After a summer of sleeping in and doing things on their own time, going back to school can be a rude awakening for your teen. Whether they’re an anxious freshman or a confident senior, heading back to school is a time of transition – from new teachers and classes to a new routine and social scene. There’s also the additional uncertainty of the COVID-19 pandemic and how it will affect another school year.
“To help your teen start a new year off on the right foot, have a conversation about what the school day will look like, starting with how they will get there, whether they’ll pack or buy lunch, and how they will get home,” said Geoffrey Putt, PsyD, a pediatric psychologist at Akron Children’s. “A predictable routine provides the structure and comfort all kids need, including teens.”
School mornings are often hectic, so plan with your teen how much time they will need to catch the bus or another ride, and adjust the routine accordingly. Setting reminders or alarms on their phone can also help to ensure they get to school on time.
Dr. Putt also recommends these 8 tips:
- Rise and shine. Your teen should start going to bed a little earlier for a few nights leading up to the first day of school. It’s just as important to get up earlier too, especially if your teen has been sleeping in all summer. Teens need 8 to 10 hours of sleep a night, so establish a consistent bedtime to ensure they get the sleep they need.
- Don’t forget breakfast. It’s been said time and again that breakfast is the most important meal of the day. Plan ahead by stocking up on quick and healthy breakfast items that contain a mix of complex carbohydrates and protein to keep your teen satisfied and able to focus until lunchtime. Pair whole-grain cereal or toast with milk, Greek yogurt, eggs, cheese or nut butters.
- Acknowledge back-to-school anxieties. You may assume your teen is nervous about a new class schedule, but they’re really worried about having enough time to get to their locker between classes or if any friends will have the same lunch period. Talk to your teen about their concerns and help them strategize how to handle them. Show your teen you understand by sharing your own experiences, but don’t minimize their worries.
- Recognize COVID-related anxieties. After a year of online or hybrid learning, your teen may be worried about returning to school in person. Now is a good time to consider the COVID vaccine for your children who are eligible. Discuss plans for face masks and make sure your teen’s school supplies include travel-size hand sanitizer. Remind your teen that although being in the classroom may look a little different for a while, there are just a few simple steps to stay safe.
- Celebrate past successes. Your teen may have forgotten that 2 years ago they were worried about not knowing anyone in their homeroom, but that’s where they met their best friend. When listening to your teen’s worries, acknowledge their concerns, while reminding them how they’ve successfully faced other challenges in the past.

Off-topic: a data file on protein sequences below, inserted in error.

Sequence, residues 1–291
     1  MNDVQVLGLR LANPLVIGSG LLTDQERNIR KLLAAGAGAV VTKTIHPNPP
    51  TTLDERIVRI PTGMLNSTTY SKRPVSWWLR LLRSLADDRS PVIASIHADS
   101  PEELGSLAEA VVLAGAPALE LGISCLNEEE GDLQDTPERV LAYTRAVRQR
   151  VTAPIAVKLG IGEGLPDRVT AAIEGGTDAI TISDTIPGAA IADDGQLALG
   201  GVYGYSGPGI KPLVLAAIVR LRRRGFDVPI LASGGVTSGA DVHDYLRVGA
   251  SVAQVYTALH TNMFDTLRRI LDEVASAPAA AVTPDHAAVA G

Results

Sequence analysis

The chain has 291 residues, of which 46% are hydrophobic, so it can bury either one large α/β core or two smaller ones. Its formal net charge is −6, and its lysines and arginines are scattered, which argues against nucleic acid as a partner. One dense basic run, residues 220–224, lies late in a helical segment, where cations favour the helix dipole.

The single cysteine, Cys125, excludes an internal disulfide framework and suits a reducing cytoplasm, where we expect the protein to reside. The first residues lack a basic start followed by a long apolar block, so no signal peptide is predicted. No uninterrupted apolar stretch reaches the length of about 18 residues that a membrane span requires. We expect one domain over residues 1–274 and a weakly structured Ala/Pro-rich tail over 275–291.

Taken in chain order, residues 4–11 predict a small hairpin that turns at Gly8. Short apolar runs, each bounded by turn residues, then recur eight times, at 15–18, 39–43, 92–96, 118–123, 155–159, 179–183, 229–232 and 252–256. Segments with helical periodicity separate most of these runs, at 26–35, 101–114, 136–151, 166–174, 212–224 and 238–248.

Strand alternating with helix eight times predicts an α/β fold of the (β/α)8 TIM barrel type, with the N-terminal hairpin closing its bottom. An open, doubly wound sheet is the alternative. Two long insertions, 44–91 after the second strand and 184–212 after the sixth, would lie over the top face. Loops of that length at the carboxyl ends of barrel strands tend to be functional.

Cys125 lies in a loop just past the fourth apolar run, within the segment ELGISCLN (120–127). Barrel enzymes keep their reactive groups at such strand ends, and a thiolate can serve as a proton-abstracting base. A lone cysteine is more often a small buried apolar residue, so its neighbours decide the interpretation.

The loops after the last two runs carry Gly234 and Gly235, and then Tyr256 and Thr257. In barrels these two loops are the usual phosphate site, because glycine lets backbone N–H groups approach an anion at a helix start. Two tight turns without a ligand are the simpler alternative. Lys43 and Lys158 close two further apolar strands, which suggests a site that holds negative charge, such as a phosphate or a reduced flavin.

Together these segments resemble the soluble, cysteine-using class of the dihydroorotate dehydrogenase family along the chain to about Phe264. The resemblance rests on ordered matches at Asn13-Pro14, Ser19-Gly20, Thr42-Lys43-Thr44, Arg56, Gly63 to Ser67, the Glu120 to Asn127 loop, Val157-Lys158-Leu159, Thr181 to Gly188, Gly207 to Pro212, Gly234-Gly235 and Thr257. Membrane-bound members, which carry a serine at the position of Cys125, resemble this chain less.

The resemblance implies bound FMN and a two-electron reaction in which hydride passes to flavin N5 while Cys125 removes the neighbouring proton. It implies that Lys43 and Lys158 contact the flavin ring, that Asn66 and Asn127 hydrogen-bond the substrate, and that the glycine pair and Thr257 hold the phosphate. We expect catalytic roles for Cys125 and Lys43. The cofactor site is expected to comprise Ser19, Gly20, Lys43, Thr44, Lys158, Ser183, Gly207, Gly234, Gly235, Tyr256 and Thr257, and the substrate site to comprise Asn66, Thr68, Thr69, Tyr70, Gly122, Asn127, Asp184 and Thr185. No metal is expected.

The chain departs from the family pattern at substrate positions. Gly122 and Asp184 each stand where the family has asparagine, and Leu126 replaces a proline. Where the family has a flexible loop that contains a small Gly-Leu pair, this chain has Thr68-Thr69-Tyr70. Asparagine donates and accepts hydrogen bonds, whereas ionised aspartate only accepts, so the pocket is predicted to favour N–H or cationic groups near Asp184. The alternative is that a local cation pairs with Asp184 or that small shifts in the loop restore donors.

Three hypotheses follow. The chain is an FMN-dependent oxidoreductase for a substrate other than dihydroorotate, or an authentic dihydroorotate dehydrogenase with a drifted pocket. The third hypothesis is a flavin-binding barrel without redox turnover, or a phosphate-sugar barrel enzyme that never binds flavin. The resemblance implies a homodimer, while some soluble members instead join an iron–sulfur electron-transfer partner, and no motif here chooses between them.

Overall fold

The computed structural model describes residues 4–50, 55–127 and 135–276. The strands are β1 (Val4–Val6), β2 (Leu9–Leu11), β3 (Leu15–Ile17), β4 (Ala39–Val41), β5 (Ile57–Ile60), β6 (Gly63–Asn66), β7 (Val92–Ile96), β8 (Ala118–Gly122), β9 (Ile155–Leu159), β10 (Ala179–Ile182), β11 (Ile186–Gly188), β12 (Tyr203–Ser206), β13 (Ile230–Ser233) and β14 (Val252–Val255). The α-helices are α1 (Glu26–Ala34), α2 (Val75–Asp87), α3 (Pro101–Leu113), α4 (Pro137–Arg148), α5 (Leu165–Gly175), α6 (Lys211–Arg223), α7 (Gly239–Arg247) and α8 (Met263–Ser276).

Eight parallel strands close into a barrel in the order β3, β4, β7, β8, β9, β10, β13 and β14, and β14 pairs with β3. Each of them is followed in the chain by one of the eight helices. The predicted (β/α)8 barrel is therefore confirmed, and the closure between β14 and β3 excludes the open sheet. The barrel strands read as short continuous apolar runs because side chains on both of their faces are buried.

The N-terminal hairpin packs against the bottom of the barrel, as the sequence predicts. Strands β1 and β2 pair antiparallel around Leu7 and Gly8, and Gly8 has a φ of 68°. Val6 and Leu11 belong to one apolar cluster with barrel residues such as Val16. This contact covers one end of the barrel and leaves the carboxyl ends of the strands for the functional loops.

- Find a friendly face. Before school starts, help your teen determine if there is anyone they already know, such as a neighbor, who could sit with them on the bus. See if they have any classes together. A familiar face, especially on the first day, can be very helpful.
- Avoid homework hassles. Establish an area for homework that’s free of clutter and away from the TV and other distractions. Make sure the space is equipped with the tools your teen will need, such as a computer, calculator and school supplies. If there’s a window of time before siblings get home from school, encourage your teen to use this quiet time for homework. If they need a break, keep it short. This can be a time to get a drink or snack, or clean out their backpack. Restrict the use of TV or video games during break time. Otherwise, it will be hard to get back to work.
- Get organized. Help your teen get and stay organized. If they’re likely to forget essential items for the day, have them pack their backpack the night before. Laying out their clothes or packing lunch at night can also save time in the morning. Use a wall calendar to keep track of practices, games or other after-school activities. There are many organizational systems and techniques that can help, so figure out with your teen what works best for them.
Knowing how to stay organized and manage time are skills known as executive functions.
While it’s normal for all kids and teens to struggle with executive functions from time to time, if your teen always seems to be running late, regularly forgets to turn in assignments and has such poor organizational skills that it’s affecting grades and home life, they could be a candidate for Akron Children’s Executive Functioning Skills Building Program.
“First, children are assessed to see where they are struggling,” said Dr. Putt. “Based on those results, we can match the child with the appropriate program module, which covers such areas as impulse control, starting tasks independently, staying focused, memory and adapting to changes in routine.”
For more information about the Executive Functioning Skills Building Program, call 330-543-5081.